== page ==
An Interview: The Detailed and Fantastical Artwork of Kevin Loftus

July 18, 2022 by Noa
An Interview: The Detailed and Fantastical Artwork of Kevin Loftus

If you regularly check out the Trending page, you’ve no doubt encountered Kevin Loftus’ work. Born and raised in Liverpool, his love for riding bikes, doodling, and Lord of the Rings is evident in his masterful and imaginative artworks. When you analyze his drawings, you feel transported to another world – one with tangled oaks, castles presiding over sea cliffs, and wizards hiding in every corner. Yet, there is something inherently comforting about them. Maybe it’s the earth tones, or his love for the outdoors, but Kevin gives us a sense of serenity within these sprawling landscapes and firepit circles.

Kevin has been a long-time contributor to Doodle Addicts, and a community favorite! He currently lives and works in Berlin with his wife. Read on to see more of his work as well as an interview we had with him!


Interview with Kevin Loftus

You have such a distinct detailed and fantastical style! How did it develop?

I've always been a doodler and would cover my school books in little doodles of monsters and castles, but I'd say I really started to focus more on a fantastical style when my mum brought home an illustrated Tolkien bestiary book from a second-hand shop. That was my first insight into the illustrated world of The Lord of the Rings. My brother and I would study it for hours at a time, and then attempt to make our own little versions of it. And then, obviously, the Peter Jackson films came out, and I got my hands on the extended DVDs, with the amazing behind-the-scenes extras of the people at Weta Workshop putting so much effort into getting the tiniest details right, as if they were making a historical documentary and not a fantasy film, and it really spoke to me, I guess.

What other things aside from art inspire you?

Well, I'm a big fan of the natural world, if that wasn't obvious from the amount of trees and mountains I draw. But yeah, I really like being out in some kind of wilderness either on my bike or just walking about, even if it's just the local park. Growing up, we used to always go camping, usually to North Wales, and even though most of the time we were only about an hour's drive from our home, it still felt to us as kids as if we were going on an epic adventure, which I guess has stuck with me in my art somewhat.

What are some of your favourite tools to use while creating, and what do you like about them?

Well, the main tool I've been using for the past year or so has been my XP-Pen Artist 13.3 Pro drawing tablet, which is really fun. I'm pretty new to fully digital painting, having previously only really used the likes of Photoshop or Krita as editing tools. But yeah, that all changed once I got my XP-Pen tablet and upgraded my PC. Now, I kind of feel like I'm playing catch-up on the whole digital art scene, like some granddad trying to work out how to use TikTok, but I'm having a lot of fun with it. I especially like how freeing it is using a drawing tablet, as you are able to change everything up without the fear of ruining your image. In terms of more traditional tools, I love playing around with fountain pens, watercolours, and inks.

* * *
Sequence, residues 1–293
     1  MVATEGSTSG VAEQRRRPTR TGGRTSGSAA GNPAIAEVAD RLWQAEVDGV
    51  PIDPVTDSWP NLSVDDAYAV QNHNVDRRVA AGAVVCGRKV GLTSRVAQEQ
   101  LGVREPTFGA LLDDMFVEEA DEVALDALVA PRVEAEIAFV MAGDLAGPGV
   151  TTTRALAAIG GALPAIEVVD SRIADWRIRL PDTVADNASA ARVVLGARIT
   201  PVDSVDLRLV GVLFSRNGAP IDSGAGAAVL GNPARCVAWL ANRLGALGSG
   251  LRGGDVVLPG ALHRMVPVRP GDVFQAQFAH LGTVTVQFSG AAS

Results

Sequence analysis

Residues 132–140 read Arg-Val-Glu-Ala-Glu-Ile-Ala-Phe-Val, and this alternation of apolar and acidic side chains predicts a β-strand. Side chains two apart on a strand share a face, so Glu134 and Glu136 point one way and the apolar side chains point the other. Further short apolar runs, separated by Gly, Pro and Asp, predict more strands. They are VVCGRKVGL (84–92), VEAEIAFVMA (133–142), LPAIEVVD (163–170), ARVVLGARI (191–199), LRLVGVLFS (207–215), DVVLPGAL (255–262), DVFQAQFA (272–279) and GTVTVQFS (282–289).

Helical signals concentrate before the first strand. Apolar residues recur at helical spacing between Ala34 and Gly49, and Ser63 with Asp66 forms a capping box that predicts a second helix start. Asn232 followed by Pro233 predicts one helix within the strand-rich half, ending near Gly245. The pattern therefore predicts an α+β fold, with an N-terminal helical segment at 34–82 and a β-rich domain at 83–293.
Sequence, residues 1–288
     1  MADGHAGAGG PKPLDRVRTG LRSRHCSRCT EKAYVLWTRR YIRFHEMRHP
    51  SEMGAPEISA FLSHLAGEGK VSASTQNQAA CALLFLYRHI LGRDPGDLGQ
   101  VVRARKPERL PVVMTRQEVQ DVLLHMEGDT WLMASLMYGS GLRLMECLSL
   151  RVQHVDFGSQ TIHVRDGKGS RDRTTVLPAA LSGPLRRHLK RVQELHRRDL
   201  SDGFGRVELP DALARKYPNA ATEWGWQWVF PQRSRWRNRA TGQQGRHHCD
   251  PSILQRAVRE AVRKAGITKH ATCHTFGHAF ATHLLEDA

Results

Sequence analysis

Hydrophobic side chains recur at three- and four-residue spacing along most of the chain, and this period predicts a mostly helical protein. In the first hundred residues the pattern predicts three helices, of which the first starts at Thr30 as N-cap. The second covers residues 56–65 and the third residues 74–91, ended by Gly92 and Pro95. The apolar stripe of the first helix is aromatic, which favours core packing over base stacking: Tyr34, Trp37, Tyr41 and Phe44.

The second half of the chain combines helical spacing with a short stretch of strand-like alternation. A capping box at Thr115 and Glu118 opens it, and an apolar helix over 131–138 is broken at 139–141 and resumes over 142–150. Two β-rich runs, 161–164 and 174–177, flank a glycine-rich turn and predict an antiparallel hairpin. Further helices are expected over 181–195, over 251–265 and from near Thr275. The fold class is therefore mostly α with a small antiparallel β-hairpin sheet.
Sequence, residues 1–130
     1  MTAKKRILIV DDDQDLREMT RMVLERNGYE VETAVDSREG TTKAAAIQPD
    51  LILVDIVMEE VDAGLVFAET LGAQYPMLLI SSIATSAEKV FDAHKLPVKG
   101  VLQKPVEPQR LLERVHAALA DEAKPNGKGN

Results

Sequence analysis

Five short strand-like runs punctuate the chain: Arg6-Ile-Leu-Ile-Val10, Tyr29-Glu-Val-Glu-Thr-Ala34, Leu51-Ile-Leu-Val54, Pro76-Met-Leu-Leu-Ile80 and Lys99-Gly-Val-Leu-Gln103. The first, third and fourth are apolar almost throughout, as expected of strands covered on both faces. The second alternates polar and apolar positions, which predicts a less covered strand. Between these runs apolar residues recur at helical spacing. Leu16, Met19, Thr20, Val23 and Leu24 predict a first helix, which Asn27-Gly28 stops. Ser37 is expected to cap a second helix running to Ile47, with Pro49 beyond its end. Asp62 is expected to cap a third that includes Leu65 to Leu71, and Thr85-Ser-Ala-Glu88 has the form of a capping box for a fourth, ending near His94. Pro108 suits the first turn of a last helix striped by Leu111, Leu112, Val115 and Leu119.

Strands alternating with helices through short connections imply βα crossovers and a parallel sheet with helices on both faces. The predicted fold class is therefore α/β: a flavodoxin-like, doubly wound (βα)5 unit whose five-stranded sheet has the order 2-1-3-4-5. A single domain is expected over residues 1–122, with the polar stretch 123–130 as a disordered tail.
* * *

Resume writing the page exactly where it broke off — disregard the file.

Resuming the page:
When you are “stuck” in your creative process, what do you do to get out of the funk?

I think the best way to get out of a funk, for me anyway, is to just doodle on a scrap bit of paper which would be binned anyway. For me, I’ve always found used envelopes to be the best, as I sometimes find that sitting down to draw on an expensive sketchbook with the best waterproof paper can be a bit daunting. So yeah, a used envelope with a tea stain really removes all that blank page syndrome for me. I also often try listening to an audiobook, podcast, or a TV show (that's not too engaging) while drawing, as I find that the majority of the time when I'm 'stuck' in my creative process, it's because I'm overthinking every little brush stroke or pen line on the paper. So, I find that just kind of tuning that out with an audiobook or podcast while drawing is really freeing, I guess, if that makes any sense. Then, obviously, if I'm in a really bad funk, there's no point trying to force it, and then I've just gotta leave the table and do something else completely, like, say, go for a walk or, more often, a bike ride.

What is a basic and advanced tip you’d have for someone who wants to improve their skills?

I guess a basic tip would just be to draw/doodle every day. It's an extremely basic tip, as I'm pretty sure literally everyone says it, but it’s true! Drawing anything really does help. It doesn't have to be anything good, it's mainly just keeping up the habit and building up that muscle memory.

I don't think I've got any advanced tips to hand out, so I guess I'll just give you another basic tip, and that’s Youtube!  Say you’re having trouble drawing hands, or you want to know how something in Photoshop works– you just search ‘how to ...’ on YouTube, and there will be hundreds of videos from professional artists giving you step-by-step instructions on how to do it, completely for free. Plus, once you're done with that, you're only a click or two away from a funny animal video, it’s perfect!

Which artists on Doodle Addicts do you recommend everyone follow?

JosDerckx, Kimmo Oja, Junkyard Sam, and Taro Baugnon.


For more of Kevin’s work, check out his profile or his instagram @loftyillustrations!


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